This is the crux of the issue for Green Bay. It seems that the team is simply looking to piece together broken parts to go with a perennial MVP candidate in Rodgers.

Is Montgomery suited to be the three-down running back Green Bay is asking him to be? Can Randall Cobb rebound after a down 2016 season? On defense, how will the Packers’ inside linebacker position play out with Clay Matthews looking to move back to a pass-rushing role?

More than that, Green Bay’s talented but inexperienced secondary will be challenged big time. The team did add cornerback Kevin King and safety Josh Jones with its first two picks in April. They now join a defensive back group that has a long way to overcome some horrendous performances last season, including in the NFC Championship Game.

There’s just too many questions for the Packers. We can’t look at them as legitimate Super Bowl contenders right now. All of these pieces have to fall in place for Aaron Rodgers to lead his squad to the promised land once again. And at 33 years old, it’s possible his individual window at contending for a championship is closing as well.

Seattle Seahawks

Outside of what is looking like a pretty interesting split in the locker room between Russell Wilson and the rest of the team’s roster, there’s a lot of other things to look at here.

First off, Seattle’s offensive line remains one of the worst in the NFL. Signing first-round bust Luke Joeckel to play left tackle won’t fix that. And pretty much ignoring the offensive line early in this year’s draft will likely come back to haunt general manager John Schneider.

Despite his ability to escape the pocket, Russell Wilson was pressured at a higher percentage than all but four regular starters last season. That’s a huge problem here.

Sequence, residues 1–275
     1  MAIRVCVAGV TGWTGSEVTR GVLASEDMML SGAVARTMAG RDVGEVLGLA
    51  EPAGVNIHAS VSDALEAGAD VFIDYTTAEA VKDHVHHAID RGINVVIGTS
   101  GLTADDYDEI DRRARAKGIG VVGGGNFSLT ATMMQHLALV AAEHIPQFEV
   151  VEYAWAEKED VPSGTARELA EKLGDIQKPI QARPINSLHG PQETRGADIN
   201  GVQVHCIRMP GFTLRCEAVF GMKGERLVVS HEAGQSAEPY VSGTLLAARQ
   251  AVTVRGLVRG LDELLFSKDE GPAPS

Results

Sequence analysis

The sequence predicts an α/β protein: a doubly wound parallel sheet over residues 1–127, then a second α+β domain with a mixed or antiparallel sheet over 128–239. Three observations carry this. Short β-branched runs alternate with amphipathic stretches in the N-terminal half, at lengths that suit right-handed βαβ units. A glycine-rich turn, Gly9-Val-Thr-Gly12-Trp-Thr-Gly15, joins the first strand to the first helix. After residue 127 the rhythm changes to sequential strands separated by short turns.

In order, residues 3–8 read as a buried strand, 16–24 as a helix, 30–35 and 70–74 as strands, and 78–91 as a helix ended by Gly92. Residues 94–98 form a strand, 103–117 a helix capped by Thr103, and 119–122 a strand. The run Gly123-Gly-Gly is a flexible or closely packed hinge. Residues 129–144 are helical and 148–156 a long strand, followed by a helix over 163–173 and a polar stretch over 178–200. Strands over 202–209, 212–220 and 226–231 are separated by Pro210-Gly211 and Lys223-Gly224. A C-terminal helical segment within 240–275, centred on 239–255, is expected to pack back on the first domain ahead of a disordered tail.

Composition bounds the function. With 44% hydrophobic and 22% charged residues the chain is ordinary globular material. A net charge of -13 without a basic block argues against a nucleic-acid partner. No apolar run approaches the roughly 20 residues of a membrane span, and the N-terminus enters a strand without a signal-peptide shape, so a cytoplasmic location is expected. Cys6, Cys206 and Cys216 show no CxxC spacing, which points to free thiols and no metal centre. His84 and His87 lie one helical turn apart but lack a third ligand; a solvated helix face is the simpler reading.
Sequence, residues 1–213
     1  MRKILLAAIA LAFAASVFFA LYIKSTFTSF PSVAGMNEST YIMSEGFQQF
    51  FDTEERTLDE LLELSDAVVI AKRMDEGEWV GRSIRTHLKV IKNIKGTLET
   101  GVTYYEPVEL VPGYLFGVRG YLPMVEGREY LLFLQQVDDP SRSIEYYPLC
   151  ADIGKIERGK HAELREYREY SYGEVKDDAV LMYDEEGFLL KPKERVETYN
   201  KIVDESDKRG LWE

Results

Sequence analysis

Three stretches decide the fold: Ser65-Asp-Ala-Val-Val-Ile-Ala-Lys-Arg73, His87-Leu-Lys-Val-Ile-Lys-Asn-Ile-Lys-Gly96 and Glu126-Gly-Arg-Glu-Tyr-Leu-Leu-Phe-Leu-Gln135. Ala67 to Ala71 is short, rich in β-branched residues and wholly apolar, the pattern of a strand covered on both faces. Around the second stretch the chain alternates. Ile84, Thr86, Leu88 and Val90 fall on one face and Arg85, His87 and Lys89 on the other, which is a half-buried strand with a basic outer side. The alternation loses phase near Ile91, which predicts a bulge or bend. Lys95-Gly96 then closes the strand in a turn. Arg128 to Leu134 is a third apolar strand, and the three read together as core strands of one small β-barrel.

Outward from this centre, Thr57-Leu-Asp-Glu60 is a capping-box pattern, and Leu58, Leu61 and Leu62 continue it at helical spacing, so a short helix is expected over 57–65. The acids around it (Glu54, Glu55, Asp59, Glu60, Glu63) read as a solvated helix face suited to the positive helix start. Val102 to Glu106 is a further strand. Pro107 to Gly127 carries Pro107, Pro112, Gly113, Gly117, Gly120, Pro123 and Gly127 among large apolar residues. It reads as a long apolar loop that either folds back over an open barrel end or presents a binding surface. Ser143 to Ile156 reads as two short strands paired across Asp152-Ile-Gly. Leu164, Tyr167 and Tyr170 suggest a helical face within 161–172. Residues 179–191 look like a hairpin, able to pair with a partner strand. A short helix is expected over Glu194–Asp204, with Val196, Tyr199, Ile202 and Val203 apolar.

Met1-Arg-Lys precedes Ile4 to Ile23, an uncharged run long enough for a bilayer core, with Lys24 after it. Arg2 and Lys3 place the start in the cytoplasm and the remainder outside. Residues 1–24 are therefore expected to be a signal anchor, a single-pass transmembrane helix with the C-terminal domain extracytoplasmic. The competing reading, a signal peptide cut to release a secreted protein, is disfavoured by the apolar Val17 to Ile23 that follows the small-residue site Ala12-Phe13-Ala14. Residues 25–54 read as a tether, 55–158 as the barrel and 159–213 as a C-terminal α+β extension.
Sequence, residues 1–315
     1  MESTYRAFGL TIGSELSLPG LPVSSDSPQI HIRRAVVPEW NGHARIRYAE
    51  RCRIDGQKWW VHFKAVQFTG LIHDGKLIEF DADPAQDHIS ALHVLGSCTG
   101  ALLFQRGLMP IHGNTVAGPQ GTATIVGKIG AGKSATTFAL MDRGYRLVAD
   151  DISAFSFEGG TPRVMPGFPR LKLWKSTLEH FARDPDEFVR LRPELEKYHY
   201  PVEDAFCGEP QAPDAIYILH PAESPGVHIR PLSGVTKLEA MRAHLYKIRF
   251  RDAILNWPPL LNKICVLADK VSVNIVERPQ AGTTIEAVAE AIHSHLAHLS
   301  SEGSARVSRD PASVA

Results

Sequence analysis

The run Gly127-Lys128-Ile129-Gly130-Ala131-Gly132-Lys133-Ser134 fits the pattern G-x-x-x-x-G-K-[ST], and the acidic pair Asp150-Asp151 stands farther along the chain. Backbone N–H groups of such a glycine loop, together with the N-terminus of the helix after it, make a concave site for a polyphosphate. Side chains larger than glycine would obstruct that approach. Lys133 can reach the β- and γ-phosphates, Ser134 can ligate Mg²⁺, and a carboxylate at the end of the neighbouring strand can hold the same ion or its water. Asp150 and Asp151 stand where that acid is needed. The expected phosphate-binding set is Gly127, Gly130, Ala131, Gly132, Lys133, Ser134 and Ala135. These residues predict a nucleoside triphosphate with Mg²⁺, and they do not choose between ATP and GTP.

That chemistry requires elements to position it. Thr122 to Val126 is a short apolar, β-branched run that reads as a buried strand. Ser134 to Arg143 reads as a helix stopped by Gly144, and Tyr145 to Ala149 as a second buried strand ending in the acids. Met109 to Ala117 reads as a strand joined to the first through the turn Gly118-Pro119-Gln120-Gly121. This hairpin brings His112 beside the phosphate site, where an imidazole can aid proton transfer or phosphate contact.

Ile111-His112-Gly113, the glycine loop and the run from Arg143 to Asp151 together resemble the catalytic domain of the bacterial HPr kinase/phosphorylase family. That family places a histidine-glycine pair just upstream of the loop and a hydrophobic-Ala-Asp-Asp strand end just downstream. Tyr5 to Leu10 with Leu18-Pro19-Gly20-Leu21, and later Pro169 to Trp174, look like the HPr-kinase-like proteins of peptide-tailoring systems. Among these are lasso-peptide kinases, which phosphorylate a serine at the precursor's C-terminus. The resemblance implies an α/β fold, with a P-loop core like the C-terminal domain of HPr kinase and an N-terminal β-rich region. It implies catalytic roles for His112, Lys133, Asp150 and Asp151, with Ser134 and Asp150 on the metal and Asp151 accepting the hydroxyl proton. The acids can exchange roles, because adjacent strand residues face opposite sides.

Also important to note, the Seahawks were a downright disaster on the ground in Marshawn Lynch’s first (and only) season in retirement. Youngster Thomas Rawls failed to remain healthy, and there wasn’t a whole lot behind him on the depth chart. Will Eddie Lacy be able to help Pete Carroll and Co. get back to the basics on the ground after signing an incentive-laden deal? That’s a huge question heading into the season.

All the while, there seems to be this major black cloud hanging over the Seahawks. It’s not a secret that All Pro corner Richard Sherman found himself on the trade block throughout the offseason. Heck, he could still be moved. With Earl Thomas coming off major lower-body surgery, Seattle’s Legion of Boom could be doomed to pedestrian status here soon.

It was just a couple short years ago that the Seahawks’ Super Bowl window seemed to be wide open. That’s obviously no longer the case. The only saving grace here is that the rest of the NFC West appeared to be average at best.

About the author

Vincent Frank

Vincent Frank

Editor-at-large, Sportsnaut.

“You were born with wings, why prefer to crawl through life?” Rumi